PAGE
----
South Africa

New tax avoidance laws coming to South Africa

South Africa’s National Treasury has gazetted the Base Erosion Profit Shifting Multilateral Convention to Implement (BEPS MLI) to bring the country in line with international standards of cross-border transaction tracking and taxing.

The new BEPS is a multi-national treaty that aims to update existing bilateral tax treaties in an attempt to reduce the likelihood of tax avoidance opportunities and base erosion by multinational enterprises, said the fiscal authority.

The BEPS MLI will come into force in South Africa on 1 January 2023.

The overall goal of the BEPS MLI is to swiftly update the existing network of bilateral tax treaties to reduce opportunities for tax avoidance and base erosion by multinational enterprises, National Treasury said. The BEPS MLI will be applied alongside existing tax treaties.

According to the Organisation for Economic Co-operation and Development (OECD), developing countries suffer the most from multinational enterprises shifting profits across borders and exploiting mismatches in tax legislation between countries.

Developing countries, such as South Africa, rely heavily on corporate taxes as a source of revenue. When multinational companies exploit gaps in different countries’ tax systems, all parties involved suffer consequences, said the OECD.

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A certain level of bank secrecy and lack of transparency has in the past caused multinational companies and high net-worth individuals to shift money around to tax havens across borders, often legally but with the intent of avoiding higher tax brackets.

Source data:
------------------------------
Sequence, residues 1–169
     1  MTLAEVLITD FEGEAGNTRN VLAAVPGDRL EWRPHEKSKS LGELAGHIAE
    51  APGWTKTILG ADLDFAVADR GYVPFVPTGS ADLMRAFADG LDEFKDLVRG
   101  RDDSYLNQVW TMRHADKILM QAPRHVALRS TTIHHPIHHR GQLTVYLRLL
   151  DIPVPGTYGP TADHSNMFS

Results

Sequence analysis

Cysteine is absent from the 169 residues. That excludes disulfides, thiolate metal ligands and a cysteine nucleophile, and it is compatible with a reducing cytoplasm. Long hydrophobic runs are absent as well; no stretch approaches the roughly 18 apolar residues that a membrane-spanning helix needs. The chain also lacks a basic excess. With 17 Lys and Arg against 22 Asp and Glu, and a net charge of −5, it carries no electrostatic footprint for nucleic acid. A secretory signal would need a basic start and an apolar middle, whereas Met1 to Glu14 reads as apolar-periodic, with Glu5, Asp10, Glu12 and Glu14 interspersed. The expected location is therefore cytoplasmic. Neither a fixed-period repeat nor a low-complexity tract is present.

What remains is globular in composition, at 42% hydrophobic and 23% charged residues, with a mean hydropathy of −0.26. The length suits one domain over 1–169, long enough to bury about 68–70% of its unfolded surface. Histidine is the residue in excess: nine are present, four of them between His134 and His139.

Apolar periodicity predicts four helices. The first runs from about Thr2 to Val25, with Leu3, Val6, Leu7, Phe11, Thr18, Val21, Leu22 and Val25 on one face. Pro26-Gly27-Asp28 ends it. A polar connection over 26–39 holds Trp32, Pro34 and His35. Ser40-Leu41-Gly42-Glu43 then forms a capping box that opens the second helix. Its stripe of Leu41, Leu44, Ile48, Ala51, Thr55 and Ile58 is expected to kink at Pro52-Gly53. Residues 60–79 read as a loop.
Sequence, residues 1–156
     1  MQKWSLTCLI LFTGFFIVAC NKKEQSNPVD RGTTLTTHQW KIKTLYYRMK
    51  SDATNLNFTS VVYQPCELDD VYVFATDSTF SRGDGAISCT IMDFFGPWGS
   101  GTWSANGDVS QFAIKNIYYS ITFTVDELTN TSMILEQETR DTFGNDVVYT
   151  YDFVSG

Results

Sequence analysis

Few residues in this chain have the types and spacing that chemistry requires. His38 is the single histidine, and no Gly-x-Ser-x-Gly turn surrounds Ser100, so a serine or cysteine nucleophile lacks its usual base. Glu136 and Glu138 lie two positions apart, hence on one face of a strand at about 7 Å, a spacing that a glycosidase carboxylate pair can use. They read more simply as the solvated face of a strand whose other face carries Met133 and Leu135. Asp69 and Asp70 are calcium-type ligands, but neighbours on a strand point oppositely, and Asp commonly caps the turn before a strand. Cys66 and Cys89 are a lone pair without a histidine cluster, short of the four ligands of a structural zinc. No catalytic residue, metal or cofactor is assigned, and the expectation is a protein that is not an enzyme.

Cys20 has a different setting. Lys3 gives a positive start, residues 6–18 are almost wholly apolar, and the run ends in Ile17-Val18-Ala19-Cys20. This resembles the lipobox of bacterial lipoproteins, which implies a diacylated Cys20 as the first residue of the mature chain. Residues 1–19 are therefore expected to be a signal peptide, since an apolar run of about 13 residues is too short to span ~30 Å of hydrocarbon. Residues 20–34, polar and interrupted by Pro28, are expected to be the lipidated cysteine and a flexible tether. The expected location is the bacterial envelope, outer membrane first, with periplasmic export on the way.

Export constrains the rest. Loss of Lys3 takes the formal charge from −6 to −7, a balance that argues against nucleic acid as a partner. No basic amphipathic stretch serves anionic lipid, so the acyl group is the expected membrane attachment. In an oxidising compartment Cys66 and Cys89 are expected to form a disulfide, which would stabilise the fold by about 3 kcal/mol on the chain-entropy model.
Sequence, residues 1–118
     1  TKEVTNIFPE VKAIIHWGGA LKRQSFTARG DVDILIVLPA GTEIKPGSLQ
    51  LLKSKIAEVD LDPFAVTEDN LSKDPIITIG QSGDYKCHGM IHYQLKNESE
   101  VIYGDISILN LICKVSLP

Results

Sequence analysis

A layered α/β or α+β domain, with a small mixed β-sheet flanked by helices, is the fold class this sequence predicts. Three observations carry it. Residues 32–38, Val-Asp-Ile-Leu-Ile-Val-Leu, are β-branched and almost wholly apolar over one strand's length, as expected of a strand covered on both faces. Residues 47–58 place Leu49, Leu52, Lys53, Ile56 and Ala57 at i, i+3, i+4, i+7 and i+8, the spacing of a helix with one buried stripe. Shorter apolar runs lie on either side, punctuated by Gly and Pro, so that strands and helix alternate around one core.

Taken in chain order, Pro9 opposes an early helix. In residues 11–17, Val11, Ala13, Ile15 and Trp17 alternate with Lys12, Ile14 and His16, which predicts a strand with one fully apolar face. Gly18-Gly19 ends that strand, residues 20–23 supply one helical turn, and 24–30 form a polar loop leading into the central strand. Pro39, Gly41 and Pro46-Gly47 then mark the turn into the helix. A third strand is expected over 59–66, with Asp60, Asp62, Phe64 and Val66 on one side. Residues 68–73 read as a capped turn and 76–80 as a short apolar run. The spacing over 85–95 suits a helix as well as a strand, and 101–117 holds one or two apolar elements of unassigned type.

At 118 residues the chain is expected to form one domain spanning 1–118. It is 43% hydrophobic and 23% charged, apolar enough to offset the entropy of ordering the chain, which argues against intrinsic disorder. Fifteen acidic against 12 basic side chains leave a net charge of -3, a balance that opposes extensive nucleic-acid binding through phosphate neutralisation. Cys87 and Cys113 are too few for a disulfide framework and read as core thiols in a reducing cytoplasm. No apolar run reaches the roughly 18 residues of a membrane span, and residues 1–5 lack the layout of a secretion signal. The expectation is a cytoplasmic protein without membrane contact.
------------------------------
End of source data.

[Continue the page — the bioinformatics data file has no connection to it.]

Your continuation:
The organisation noted that BEPS practices cost countries between $100 and $240 billion in lost revenue annually. South Africa is a late signatory of the BEP MLI treaty, as it was bought to the international financial table in 2016.

The National Treasury, under finance minister Enoch Godognwana, said that the BEPS MLI would be applied alongside existing tax treaties. South Africa has 76 bilateral treaties currently in force.

“These 76 tax treaties will, after all these countries have ratified the BEPS MIL, meet the tax-related BEPS measures without the need to renegotiate these existing bilateral tax treaties,” said the Treasury.

Only five tax treaties with other countries will not be covered by the BEPS MLI, namely Germany, Zambia, Malawi, Grenada and Sierra Leone – this is primarily due to renegotiating process currently being underway or overall incompatibility.

The adoption of these treaties has been in the pipeline for a while, with Cliffe Dekker Hofmeyr reporting early this year that the 2022 Budget Speech announced the plans to implement a ‘two pillar’ approach to align itself with OECD standards.

Pillar One of the plan aimed to ensure a fairer distribution of profits and taxing rights among countries with respect to large multinational enterprises opening in certain countries.

Pillar Two, according to Cliffe Dekker HOfymer, sought to encompass a global minimum tax rate of 15% on specific entities and limit the source of taxation on certain related-party payments.

Read: SARS has made a big change to help taxpayers – what you need to know

Artmotion S.Africa

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